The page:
Henry Edward Denison Hammond, 1866 - 1910; early twentieth century folksong collector; brother of Robert Hammond.
Born 1866, Somerset, son of a clergyman. After leaving Corpus Christi College, Oxford, he took up a post at the Edinburgh Academy. There he met Dr. George Gardiner and they became firm friends. In 1899 Hammond was appointed Director of Education in Rhodesia, but after a year he suffered a severe breakdown in health, and returned to England. Early in 1905 Hammond and Gardiner were staying at Minehead in Somerset, and agreed to undertake some song collecting, following in Cecil Sharp's footsteps. Hammond collected 83 songs in Somerset during June 1905, with the help of his brother Robert, and H.A. Jeboult, an organist from Taunton. In August of the same year, he turned his attention to Dorset, collecting 193 songs in just under four months.
He collaborated with Gardiner - for the only time, it would appear - during January and February 1906, when the two men were staying at Bath in Somerset. A further 81 songs were collected. Subsequently the Hammond Brothers collected almost 600 more songs in Dorset, cycling out together from their home at East Clevedon in Somerset: Henry noted down the tunes, and Robert the words.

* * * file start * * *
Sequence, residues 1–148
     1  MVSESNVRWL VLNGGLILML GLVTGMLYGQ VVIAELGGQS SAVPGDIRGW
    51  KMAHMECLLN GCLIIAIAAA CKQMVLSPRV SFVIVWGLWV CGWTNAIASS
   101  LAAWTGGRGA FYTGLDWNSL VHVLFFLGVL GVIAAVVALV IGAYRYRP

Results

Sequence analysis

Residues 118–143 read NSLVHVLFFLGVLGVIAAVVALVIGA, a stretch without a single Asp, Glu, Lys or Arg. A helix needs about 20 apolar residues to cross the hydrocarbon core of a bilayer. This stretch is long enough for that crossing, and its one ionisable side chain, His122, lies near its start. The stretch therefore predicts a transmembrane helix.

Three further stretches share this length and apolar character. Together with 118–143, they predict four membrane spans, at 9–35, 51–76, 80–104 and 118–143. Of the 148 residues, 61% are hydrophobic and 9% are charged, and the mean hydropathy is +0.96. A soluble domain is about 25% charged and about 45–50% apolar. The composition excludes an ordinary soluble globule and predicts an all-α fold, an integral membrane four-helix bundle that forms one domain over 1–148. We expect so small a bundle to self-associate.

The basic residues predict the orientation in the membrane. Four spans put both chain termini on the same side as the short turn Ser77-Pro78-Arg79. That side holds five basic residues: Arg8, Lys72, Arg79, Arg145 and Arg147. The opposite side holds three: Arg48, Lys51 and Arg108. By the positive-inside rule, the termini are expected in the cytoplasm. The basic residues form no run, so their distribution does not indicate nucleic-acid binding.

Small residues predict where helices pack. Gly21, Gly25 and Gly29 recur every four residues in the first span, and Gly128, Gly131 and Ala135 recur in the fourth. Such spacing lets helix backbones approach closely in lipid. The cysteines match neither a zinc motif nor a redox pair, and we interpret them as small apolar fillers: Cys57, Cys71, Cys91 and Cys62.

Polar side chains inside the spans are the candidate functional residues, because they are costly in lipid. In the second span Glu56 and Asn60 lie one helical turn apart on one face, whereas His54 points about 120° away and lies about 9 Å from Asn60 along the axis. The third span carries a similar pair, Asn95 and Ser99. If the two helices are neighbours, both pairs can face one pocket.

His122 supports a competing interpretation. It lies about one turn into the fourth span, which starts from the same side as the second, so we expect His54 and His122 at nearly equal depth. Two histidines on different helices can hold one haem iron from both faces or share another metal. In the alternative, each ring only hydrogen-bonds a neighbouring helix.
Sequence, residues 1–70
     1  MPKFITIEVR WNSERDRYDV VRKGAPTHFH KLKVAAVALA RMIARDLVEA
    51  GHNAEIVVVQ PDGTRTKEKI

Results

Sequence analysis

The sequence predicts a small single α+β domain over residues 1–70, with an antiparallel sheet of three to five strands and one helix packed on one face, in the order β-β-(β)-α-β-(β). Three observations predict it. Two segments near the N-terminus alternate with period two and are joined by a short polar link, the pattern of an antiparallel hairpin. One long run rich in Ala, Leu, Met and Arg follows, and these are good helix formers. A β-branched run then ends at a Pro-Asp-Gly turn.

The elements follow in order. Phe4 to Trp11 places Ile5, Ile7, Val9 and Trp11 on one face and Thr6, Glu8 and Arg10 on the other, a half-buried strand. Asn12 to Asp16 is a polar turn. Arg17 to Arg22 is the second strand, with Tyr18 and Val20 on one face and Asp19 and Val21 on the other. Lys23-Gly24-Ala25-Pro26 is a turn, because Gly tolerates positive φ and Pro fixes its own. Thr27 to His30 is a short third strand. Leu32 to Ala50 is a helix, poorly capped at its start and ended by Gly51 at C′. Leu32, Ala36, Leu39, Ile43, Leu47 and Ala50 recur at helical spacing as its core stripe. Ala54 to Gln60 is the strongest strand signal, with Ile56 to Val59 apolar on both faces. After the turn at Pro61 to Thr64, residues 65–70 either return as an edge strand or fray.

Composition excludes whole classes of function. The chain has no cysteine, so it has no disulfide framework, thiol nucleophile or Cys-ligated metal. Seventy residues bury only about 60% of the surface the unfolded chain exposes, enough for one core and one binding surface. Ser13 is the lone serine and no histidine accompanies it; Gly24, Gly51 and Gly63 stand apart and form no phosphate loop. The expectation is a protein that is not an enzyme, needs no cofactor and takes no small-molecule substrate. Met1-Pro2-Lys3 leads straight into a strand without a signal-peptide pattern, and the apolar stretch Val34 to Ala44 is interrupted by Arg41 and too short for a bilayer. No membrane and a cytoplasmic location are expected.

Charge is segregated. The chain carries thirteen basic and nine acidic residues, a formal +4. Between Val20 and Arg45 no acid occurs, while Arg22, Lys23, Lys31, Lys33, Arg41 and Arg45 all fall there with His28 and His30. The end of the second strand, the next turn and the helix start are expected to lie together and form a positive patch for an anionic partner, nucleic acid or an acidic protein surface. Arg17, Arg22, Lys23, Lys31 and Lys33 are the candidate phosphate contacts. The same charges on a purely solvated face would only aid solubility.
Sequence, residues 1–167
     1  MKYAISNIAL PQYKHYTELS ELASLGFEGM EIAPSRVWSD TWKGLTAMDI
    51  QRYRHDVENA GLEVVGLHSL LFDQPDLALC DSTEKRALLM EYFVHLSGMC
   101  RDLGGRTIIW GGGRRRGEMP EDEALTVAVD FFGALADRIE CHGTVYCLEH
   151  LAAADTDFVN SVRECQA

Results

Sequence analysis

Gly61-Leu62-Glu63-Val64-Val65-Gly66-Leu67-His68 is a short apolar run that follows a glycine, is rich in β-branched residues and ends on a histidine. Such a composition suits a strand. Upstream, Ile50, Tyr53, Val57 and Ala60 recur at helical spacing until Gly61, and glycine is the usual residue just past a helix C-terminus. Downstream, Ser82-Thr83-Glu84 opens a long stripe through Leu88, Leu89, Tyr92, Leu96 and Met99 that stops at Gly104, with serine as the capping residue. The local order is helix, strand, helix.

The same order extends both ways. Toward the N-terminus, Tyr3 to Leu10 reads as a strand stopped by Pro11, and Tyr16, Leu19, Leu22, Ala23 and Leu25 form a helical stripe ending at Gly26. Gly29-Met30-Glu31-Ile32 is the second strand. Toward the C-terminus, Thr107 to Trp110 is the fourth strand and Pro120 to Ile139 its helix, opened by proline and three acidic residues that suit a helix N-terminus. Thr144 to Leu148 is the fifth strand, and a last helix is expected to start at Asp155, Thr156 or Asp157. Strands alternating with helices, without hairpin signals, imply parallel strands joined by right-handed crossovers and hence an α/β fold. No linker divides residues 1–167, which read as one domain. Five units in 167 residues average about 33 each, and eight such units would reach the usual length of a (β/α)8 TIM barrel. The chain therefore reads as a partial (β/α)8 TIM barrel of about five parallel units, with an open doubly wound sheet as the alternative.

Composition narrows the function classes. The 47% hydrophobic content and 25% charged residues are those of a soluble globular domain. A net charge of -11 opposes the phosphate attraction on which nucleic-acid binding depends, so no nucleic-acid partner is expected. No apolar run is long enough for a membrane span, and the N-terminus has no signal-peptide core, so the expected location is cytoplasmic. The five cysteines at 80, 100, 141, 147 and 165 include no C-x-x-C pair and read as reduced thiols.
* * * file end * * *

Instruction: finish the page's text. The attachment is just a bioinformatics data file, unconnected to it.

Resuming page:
By late 1907 Henry's health had declined to the extent that he could no longer undertake these bicycle trips, and he collected only six more songs, in Wiltshire in February 1908. He died on 16th June 1910.
Songs from the Hammond and Gardiner collections have been published in four volumes edited by Frank Purslow
- Marrow Bones: English Folk Songs from the Hammond and Gardiner Mss. (London: E.F.D.S. Publications, 1965).
- The Wanton Seed: More English Folk Songs from the Hammond & Gardiner Mss. (London: E.F.D.S. Publications, 1968).
- The Constant Lovers: More English Folk Songs from the Hammond & Gardiner Mss. (London: E.F.D.S. Publications, 1972).
- The Foggy Dew: More English Folk Songs from the Hammond & Gardiner Mss. (London: E.F.D.S. Publications, 1974).
Material collected by the Hammond brothers is also now available online, on the EFDSS Take Six site. Transcriptions from these sources are on the Folkopedia site at Take_6_Transcription_Programme:_The_Hammond_Archive,_MS_5